ADEPT Basic Adult Forensic Interview Protocol
The ADEPT Basic Adult Forensic Interview Protocol training is designed for professionals with roles and experience in or working with alleged adult victims and witnesses of crime and individuals with disabilities. The training covers basic forensic interviewing skills and tools, with considerations for disability, trauma, cultural background, disability culture and their intersections, abuse dynamics, forensic science, alternative pathways to justice for the disability community and disability history.
Curriculum topic areas include:
- Trauma-Informed Approach
- Interview Setting
- Remaining Neutral
- Reducing the Authoritative Presence of the Interviewer
- Communication Skills
- Abuse Dynamics
- Question Types
- Engagement and Rapport
- Interview Instructions
- Transition to Topic of Concern
- Topic of Concern
- Post Interview Considerations
Participants learn through readings, didactic instruction, video examples, case scenarios, participating in activities throughout the training. All attendees complete a practicum to have an opportunity to practice and utilize the skills that are introduced in the training.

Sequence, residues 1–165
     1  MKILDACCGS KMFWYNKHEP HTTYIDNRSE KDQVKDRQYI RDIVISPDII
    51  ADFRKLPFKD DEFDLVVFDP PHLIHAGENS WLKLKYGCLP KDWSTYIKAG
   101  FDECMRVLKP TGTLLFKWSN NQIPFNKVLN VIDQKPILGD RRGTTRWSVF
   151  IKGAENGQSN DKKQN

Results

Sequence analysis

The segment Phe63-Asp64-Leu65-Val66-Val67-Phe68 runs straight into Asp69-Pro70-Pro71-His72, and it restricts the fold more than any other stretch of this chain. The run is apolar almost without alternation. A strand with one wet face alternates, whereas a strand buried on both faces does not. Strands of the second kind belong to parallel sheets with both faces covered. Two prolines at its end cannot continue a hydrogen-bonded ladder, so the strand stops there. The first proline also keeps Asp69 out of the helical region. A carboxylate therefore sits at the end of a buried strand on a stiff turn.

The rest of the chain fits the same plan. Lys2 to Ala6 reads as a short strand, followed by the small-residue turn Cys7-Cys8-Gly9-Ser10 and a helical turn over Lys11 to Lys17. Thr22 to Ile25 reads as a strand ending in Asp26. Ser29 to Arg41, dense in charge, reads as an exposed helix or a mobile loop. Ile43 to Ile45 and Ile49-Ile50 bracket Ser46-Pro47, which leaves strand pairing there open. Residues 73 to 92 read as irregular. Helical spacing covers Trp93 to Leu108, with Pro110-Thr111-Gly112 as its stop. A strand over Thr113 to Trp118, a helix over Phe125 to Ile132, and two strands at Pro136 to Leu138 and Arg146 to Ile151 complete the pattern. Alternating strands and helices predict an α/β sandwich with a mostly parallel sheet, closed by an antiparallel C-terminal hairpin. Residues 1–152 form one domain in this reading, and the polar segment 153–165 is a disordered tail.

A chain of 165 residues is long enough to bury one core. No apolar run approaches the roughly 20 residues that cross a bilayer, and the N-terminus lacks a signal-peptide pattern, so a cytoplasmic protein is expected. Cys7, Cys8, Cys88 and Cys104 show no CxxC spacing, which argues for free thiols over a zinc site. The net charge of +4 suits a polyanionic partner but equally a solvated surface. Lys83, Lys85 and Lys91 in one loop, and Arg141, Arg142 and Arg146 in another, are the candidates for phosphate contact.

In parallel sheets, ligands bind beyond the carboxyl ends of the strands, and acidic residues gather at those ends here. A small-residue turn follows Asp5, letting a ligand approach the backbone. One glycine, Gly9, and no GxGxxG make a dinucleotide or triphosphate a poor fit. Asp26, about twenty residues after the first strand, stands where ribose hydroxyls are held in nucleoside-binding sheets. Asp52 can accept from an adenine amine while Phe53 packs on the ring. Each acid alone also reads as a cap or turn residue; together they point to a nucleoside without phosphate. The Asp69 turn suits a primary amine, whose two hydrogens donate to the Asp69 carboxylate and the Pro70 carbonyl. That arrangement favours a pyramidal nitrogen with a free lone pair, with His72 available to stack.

Maximum Number of Attendees: 24
All participants must be actively in the field of investigations, forensic interviewing or law enforcement. There is a practicum component.
Cost for this training is $300 per person. This fee can be paid via PayPal or can be invoiced to your agency. Please email email@example.com if you need an invoice.
These trainings are held online from 9 a.m. to 4 p.m. Eastern each day.
Conflict of Interest Statement
This training is for establishing and implementing a protocol that is legally defensible to assist in the prosecution of crimes against people with disabilities. It is not meant for professionals who may be hired as a third party to investigate or advise a private company or other organization on the prevention or uncovering of potential liability, which would be considered a conflict of interest. In keeping with its mission to protect crime victims with disabilities, the AACs reserve the right to reject such applicants.
The AACs reserves the right to reject any applicant who does not align with our programmatic goals.
There are no upcoming dates.